Dear Younger Me,
If someone were to tell you that by age 33, you would have a diagnosis of bipolar I, you wouldn’t be surprised. You would be surprised, however, at the fact that you have the wherewithal to treat your mental illness, both emotionally and financially.
You wouldn’t be surprised at the soul-sucking depression you feel now. You would be surprised that you haven’t felt this way in years, and that you are a productive, usually happy, stable woman. You’d be shocked at the fact that the meds have worked so well to control your bipolar disorder up until this point, and that adjusting them isn’t a major problem in your life.
You wouldn’t be surprised that you are a writer. After all, you’ve been writing since you were four and knew how to scribble letters, and wrote your debut “novel,” The Fish. You would be surprised that you are a) married to a wonderful man who would die for you, b) have kids, and c) stay home to take care of your kids. You’d be shocked to know you’re an amazing mother, with healthy, compassionate children.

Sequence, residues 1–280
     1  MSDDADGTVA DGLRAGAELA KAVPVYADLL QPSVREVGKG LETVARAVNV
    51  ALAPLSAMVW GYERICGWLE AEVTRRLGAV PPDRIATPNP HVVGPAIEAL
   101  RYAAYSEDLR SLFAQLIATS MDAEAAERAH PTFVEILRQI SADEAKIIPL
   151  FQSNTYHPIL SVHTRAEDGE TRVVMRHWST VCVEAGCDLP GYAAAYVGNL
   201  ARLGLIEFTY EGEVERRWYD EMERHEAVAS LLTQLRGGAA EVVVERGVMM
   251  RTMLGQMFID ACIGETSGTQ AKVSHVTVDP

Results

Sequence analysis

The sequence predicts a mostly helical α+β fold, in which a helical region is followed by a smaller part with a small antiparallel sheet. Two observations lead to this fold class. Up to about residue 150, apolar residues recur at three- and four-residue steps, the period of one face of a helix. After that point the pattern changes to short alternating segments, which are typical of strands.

You wouldn’t be surprised to know that you are still attending the same church you grew up in, the church of Christ. You would be surprised at how much closer to God you’ve become. You’d be shocked to recognize how much He has guided your life, and worked out all things for good.
Younger me, you will be happy someday. You’ll escape the narrow-minded bullies of your small town, and establish yourself in a big city 2000 miles away. You’ll survive college–barely. You’ll suffer a postpartum psychotic breakdown, but that won’t stop you. You’ll just write a book about it.
Younger me, you have so much life ahead of you. A good life. Thank you for not giving up. You will face so many challenges and come out on top. Your grit, determination, and prayers will see you through.
Don’t give up. Don’t give up.
- Bipolar and Suicidal? You’re Not Alone
- Stabilizing Medications: Wellbutrin and Risperidone
- Bipolar Patients More than Twice as Likely to have Suffered Childhood Adversity